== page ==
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SIX SIGMA EXECUTIVE SUMMARY

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Title: SIX SIGMA EXECUTIVE SUMMARY


1
SIX SIGMA EXECUTIVE SUMMARY

Dr. A. BLANTON GODFREY DEAN JOSEPH D. MOORE
PROFESSOR NORTH CAROLINA STATE UNIVERSITY
2
FOCUS ON RESULTS
3
Senior leadership, especially Jack Welch,
provided unyielding commitment to get the
initiative going and ensure its continued
success. This will not be easy for other
companies to copy.
Hoerl, Roger (2002), An Inside Look at Six Sigma
at GE, Six Sigma Forum Magazine, Vol. 1, No. 3,
May, pages 35-44.
4
Six Sigma was directed toward specific, tangible
objectives, including financial objectives. The
culture changed as a result of delivering
tangible benefits, not because of a focus on the
culture itself.
Hoerl, Roger (2002), An Inside Look at Six Sigma
at GE, Six Sigma Forum Magazine, Vol. 1, No. 3,
May, pages 35-44.
5
SIX SIGMA AT 3M
  • Six Sigma is totally changing 3M. Many of the
    things that had driven the success of our company
    for the past eighty years no longer apply.

W. James McNerney, Jr. CEO, 3M Company, 25 June
2002
6
SIX SIGMA AT 3M
  • 500 Black Belts and Master Black Belts for ever
    and ever
  • Each has a two-year assignment.
  • All 28,000 salaried and technical people trained
    at least at Green Belt level. Many hourly people
    selected also for Green Belt training.
  • Major goal is to have for first time common
    approach to problem solving, new product
    development, and measurement across entire
    company.
  • W. James McNerney, Jr. CEO, 3M Company, 25 June
    2002

7
SIX SIGMA AT 3M
  • One process improvement methodology
  • One global business language
  • Sharing/leveraging worldwide
  • Best in company comparisons (45 divisions)  

W. James McNerney, Jr. CEO, 3M Company, 25 June
2002
8
TWENTY KEY LESSONS LEARNED
  • The time is right.
  • The enthusiastic commitment of top management is
    critical.
  • Develop an infrastructure.
  • Commit top people.
  • Invest in relevant hands-on training.
  • Select initial projects to build credibility
    quickly.
  • Make it all pervasive, and involve everybody.
  • Emphasize DFSS.
  • Dont forget design for reliability.
  • Focus on the entire system.
  •  

Gerald J. Hahn, 20 Key Lessons Learned, Six
Sigma Forum Magazine, May 2002, pages 28-34.
9
TWENTY KEY LESSONS LEARNED
  • Emphasize customer CTQs (critical to quality).
  • Include commercial quality improvement.
  • Recognize all savings.
  • Customize to meet business needs.
  • Consider the variability as well as the mean.
  • Plan to get the right data.
  • Beware of dogmatism.
  • Avoid nonessential bureaucracy.
  • Keep the tool box vital.
  • Expect Six Sigma to become a more silent partner.
  •  

Gerald J. Hahn, 20 Key Lessons Learned, Six
Sigma Forum Magazine, May 2002, pages 28-34.
10
WHY SIX SIGMA
  • Intense competitive pressures especially from
    rapid globalization.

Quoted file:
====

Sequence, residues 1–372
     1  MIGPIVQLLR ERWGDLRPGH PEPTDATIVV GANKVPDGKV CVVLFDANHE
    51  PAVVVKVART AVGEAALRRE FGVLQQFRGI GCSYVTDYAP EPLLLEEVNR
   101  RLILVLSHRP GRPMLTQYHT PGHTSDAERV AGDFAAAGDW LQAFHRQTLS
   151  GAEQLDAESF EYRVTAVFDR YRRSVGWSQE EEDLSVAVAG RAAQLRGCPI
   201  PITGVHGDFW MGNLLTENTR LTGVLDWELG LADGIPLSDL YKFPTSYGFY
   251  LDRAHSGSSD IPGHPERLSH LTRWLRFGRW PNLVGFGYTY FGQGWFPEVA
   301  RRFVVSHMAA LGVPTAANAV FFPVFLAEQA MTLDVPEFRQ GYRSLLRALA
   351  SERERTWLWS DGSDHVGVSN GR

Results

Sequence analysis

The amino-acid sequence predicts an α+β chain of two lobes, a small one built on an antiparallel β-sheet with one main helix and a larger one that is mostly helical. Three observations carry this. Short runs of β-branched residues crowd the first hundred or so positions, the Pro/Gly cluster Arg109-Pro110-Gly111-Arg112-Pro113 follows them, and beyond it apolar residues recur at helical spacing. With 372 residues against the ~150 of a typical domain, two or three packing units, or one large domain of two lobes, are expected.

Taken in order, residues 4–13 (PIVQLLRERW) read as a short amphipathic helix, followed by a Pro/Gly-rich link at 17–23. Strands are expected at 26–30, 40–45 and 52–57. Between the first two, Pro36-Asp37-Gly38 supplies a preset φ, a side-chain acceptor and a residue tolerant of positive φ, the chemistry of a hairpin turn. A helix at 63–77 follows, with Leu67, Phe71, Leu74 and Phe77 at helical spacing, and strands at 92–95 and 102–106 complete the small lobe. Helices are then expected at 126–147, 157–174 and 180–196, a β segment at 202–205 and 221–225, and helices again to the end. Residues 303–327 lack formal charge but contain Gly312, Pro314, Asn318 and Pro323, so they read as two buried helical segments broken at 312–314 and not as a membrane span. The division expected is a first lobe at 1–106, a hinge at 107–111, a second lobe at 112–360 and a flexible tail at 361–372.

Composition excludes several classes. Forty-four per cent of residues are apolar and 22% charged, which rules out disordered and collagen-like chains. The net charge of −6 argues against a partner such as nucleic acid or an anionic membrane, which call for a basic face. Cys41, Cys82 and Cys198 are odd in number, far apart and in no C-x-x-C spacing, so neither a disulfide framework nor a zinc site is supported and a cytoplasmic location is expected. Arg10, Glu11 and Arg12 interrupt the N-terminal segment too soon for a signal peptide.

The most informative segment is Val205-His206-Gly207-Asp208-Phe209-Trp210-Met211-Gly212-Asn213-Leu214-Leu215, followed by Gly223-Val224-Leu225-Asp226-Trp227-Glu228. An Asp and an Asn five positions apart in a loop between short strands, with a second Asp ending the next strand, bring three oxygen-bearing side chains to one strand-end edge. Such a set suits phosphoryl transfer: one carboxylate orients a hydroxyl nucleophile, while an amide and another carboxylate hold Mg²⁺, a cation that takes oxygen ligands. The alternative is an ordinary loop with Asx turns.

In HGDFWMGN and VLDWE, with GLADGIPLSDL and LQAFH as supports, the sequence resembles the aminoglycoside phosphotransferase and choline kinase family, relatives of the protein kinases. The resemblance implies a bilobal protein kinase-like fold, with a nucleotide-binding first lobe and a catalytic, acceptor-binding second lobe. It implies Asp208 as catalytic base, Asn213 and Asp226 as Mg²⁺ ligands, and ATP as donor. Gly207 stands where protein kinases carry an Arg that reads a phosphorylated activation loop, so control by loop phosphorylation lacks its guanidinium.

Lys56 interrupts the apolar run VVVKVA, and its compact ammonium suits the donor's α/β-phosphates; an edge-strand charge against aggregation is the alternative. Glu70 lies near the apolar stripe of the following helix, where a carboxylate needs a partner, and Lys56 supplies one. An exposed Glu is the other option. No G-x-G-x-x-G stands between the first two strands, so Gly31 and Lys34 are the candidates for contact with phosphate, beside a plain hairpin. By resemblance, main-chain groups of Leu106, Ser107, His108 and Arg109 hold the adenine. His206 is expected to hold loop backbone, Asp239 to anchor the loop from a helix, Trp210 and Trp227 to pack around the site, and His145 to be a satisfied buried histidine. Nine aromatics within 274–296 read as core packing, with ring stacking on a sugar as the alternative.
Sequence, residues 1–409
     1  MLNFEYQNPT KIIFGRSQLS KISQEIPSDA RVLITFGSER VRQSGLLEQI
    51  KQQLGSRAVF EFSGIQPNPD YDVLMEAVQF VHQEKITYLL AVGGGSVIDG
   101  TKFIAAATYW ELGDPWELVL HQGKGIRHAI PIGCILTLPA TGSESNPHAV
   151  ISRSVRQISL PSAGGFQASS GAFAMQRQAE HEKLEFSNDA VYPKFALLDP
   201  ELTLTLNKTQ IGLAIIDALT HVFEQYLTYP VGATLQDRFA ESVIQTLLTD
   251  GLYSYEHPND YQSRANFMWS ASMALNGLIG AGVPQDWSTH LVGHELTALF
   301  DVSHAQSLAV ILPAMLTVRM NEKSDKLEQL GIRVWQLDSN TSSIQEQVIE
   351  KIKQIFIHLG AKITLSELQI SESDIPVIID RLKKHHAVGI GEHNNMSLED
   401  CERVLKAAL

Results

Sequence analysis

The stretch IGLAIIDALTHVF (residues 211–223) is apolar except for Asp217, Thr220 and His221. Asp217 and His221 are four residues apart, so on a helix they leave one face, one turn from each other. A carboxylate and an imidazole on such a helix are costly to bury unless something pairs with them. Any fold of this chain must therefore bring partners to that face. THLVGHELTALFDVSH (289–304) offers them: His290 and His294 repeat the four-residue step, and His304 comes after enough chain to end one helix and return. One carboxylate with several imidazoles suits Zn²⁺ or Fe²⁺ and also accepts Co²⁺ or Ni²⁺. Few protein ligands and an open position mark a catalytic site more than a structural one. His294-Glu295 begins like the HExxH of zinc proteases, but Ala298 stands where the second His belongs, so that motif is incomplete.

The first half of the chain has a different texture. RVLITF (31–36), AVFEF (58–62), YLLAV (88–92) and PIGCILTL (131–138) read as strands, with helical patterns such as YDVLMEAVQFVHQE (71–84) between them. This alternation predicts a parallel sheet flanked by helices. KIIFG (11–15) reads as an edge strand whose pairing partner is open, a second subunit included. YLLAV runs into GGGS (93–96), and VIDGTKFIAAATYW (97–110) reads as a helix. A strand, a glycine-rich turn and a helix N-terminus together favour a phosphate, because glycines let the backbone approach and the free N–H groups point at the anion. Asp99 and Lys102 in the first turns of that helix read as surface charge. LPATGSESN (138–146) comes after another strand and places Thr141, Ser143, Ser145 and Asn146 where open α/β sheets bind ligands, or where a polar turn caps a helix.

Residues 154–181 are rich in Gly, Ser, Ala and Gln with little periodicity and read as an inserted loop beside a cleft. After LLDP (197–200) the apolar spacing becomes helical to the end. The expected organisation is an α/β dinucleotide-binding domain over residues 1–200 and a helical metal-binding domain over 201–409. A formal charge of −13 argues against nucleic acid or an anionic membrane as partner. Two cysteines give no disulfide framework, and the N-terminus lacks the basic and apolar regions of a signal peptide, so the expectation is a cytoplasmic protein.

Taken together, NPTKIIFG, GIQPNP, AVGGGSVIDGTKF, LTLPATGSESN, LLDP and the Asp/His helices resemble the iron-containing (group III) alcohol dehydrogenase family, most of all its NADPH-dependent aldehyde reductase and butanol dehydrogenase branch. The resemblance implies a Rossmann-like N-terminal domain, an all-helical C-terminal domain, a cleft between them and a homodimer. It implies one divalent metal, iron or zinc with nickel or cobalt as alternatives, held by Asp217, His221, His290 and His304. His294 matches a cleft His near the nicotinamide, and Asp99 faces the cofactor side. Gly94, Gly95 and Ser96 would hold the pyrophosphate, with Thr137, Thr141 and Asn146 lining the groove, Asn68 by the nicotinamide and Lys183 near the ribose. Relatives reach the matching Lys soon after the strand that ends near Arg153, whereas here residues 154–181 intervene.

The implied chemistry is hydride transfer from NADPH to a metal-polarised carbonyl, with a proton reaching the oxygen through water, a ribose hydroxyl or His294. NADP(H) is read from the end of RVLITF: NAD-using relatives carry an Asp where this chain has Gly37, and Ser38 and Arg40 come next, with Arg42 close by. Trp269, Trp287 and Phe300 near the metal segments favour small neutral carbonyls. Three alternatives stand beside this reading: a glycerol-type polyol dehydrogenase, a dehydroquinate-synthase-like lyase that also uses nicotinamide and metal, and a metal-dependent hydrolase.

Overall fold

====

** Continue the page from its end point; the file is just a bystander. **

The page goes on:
• Greater consumer demand for high quality products
    and services, little tolerance for failures of
    any type.
  • Top management (and stockholder) recognition of
    the high costs of poor quality.
  • The availability and accessibility of large data
    bases and our increasing ability to explore,
    understand, and use the data.
  • The existences of high-quality software tools
    that make sophisticated analyses practical.
  •  

Gerald J. Hahn, 20 Key Lessons Learned, Six
Sigma Forum Magazine, May 2002, pages 28-34.
11
SELECTING THE RIGHT PROJECTS
  • Assure that the importance of the projects is
    evident or can be readily demonstrated.
  • Assure the projects are viable and doable in a
    short time (preferably less than three months).
  • Assure that the success of the projects can be
    readily quantified.
  •  

Gerald J. Hahn, 20 Key Lessons Learned, Six
Sigma Forum Magazine, May 2002, pages 28-34.
12
SELECTING THE RIGHT PROJECTS
  • Assure that the importance of the projects is
    evident or can be readily demonstrated.
  • Assure the projects are viable and doable in a
    short time (preferably less than three months).
  • Assure that the success of the projects can be
    readily quantified.
  •  

Gerald J. Hahn, 20 Key Lessons Learned, Six
Sigma Forum Magazine, May 2002, pages 28-34.
13
RELEVANT, HANDS-ON TRAINING
  • Ensure trainers are knowledgeable and outstanding
    communicators.
  • Customize the training, especially the examples
    for the needs of the specific business.
  • Ensure that the common vocabulary of Six Sigma is
    retained an essential for expediting
    communications.
  • Incorporate hands-on involvement. Make Six Sigma
    projects part of the training.
  • Consider engaging external gurus to expedite Six
    Sigma introduction.
  •  

Gerald J. Hahn, 20 Key Lessons Learned, Six
Sigma Forum Magazine, May 2002, pages 28-34.
14
FINAL THOUGHTS
  • Evolution not revolution
  • Serious commitment required
  • Results can be stunning
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